SUBROSA
Number 43   July - August 2005
                 

DIANA OF THE CHASE

By Michelle Mackel

TIn 1984, the Virginia Steele Scott Gallery of American Art opened to the public. Graciously, Harvard University agreed to the loan of Anna Hyatt Huntington's Diana of the Chase. This beautiful sculpture, set in the loggia, gives visitors a hint of the grandeur of the collection within.

In contrast to the other sculptures of the goddess Diana in the Huntington's collection, this is the only one we see standing on the moon, perhaps to show her dominance over it. The figure demonstrates Anna?s "knowledge of anatomy and composition [which] enable her to impart to her subjects a sense of vitality and grace which is the result of great physical strength completely controlled." Certainly Diana's lithe body demonstrates ease of effort in her pose and play of muscles. We have no doubt the arrow she has just loosed hits its mark. She is helped on her hunt by a frolicsome little whippet, excitedly joining her. Anna was highly praised by critics for knowing not only the forms of animals but their movements, the way they carried their heads, even the way their feet gripped the ground.

In the figure of Diana we can see Anna?s love of showing movement and motion. Notice the many curves which give the sculpture grace and in many cases lead the eye back in to the figure: the dog's tail, the figure's right hand, the drape flowing out behind her. Even the curve of her whole torso gives a three-dimensional spiral to the figure. Perhaps the figure itself suggests a bow. We can also observe how cleverly Anna balanced the figure both mechanically and compositionally. From a frontal view, she leans to her right; this is buttressed by the dog to the right of her feet.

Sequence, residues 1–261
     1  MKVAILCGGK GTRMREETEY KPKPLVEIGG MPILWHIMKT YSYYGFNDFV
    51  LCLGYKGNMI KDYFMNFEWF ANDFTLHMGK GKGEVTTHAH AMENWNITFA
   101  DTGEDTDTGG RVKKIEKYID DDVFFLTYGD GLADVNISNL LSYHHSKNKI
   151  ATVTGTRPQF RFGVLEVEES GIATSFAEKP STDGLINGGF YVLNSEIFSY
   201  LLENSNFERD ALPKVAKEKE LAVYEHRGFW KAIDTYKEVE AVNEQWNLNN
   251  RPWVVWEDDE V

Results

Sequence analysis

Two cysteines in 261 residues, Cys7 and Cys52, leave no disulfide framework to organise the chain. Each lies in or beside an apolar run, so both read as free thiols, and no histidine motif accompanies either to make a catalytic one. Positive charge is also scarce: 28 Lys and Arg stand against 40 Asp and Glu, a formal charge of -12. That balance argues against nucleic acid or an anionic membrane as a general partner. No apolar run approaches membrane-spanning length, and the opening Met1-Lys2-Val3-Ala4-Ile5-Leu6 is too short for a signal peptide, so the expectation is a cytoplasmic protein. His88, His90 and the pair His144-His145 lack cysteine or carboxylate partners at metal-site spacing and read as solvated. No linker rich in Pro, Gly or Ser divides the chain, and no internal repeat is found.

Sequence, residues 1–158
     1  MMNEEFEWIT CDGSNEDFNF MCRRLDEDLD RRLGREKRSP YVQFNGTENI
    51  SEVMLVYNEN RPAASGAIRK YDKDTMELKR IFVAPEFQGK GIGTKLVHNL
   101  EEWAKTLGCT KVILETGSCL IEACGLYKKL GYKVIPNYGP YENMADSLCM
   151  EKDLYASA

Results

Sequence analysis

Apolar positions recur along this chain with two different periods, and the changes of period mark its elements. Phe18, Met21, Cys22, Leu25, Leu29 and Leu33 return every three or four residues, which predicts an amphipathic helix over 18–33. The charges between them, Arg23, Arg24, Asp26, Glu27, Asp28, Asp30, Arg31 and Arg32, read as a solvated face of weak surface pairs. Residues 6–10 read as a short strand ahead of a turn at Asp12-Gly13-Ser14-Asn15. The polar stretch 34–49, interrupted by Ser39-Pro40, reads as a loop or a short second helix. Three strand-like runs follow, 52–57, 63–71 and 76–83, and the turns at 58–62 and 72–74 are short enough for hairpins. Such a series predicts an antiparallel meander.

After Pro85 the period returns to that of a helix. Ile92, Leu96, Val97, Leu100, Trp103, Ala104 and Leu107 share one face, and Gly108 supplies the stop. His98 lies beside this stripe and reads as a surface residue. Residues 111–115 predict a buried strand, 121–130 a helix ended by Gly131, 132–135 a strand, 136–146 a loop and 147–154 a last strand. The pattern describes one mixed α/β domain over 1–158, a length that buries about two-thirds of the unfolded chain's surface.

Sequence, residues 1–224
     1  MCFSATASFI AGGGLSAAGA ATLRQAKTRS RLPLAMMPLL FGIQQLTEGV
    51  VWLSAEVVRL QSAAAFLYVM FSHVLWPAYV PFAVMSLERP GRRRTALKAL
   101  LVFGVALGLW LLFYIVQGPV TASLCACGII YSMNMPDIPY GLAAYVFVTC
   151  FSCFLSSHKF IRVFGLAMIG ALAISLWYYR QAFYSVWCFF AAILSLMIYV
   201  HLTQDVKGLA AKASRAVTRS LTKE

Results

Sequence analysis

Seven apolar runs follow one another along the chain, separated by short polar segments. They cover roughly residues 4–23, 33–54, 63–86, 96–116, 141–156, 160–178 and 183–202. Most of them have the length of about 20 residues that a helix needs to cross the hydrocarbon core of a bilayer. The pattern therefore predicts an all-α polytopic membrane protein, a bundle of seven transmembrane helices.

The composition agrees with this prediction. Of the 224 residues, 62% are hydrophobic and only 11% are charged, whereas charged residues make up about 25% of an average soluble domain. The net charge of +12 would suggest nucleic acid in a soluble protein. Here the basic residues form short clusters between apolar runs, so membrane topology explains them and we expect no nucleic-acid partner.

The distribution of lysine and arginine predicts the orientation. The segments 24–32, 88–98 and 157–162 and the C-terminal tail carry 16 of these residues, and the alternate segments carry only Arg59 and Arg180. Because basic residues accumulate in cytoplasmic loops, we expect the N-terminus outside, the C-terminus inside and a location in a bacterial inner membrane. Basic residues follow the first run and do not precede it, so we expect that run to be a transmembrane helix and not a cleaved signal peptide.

Anna?s sculpture of Diana was praised as the "deification of beauty in harmony and proportion" and inspired her friend Maxwell Anderson to write the following poem after viewing it:

Dear Anna,

Your Diana did haunt me - and I had to get up that night to try to put her on paper - for she wouldn't let me sleep. And I'm not easily conquered by bronze women. I'm sending the handwritten copy and shall be proud if you want to show it in facsimile.

For Anna Hyatt Huntington's Diana

Now you have shot your arrow at the Sun,
little Diana, and the god caught you there -
the living wind still in your up-blown hair,
your eyes burnt back from staring hard upon
the target of the glory of high noon -
caught and immured you in his burnished air
forever, a too valiant challenger,
lifting the empty sockets of the moon.

Had you walked soberly your forest shade
and hid your virgin lustre under cloud
and let your bow hang at the eaves unstrung
you had not died so light and fierce a maid,
for, dying, gone to join the mutinous crowd
of beautiful blind rebels who died young.

Maxwell Anderson

Anna was raised in a school of thought in art called the Cultivated Tradition, popular after the Civil War (especially in New England), which sought to remedy the defects of a materialistic society by familiarizing people with high moral values. In a country devastated by the horror of the Civil War, people found solace in Classical subjects that represented high ideals. Anna was fortunate to be learning sculpture during a time when it was possible (in Boston) for women to study the body from real, human models. Before this, women had to go to Europe to be allowed the study of live models as it wasn't considered decent and lady-like. Also, the career of a professional artist was still at odds with traditional expectations for women to work in the home.

The period of time between 1920 and 1923 was a very busy one for Anna. After devoting herself to farm work during World War I she returned to sculpting in 1920, taking on many large commissions and moving to New York City. She found a large, ground floor studio and apartment on West 12th Street and shared it with a friend sculptress. There were delightful accounts of Sunday afternoon salons in this studio apartment. The two sculptresses' mothers came and stayed for weeks at a time, helping with the cooking and housekeeping and enjoying the carefree artistic life, so different from their own New England backgrounds.

After the war, Anna felt the future held great promise for American sculpture and enjoyed a renewal of artistic activity and awards. In 1920 she received the Legion of Honor from France and the Saltus Gold Medal for Artistic Merit from the National Academy of Design. (Saltus was an executive of Tiffany and Company and an art patron.) In 1922 the French Government honored her by making her a Chevalier of the Legion of Honor.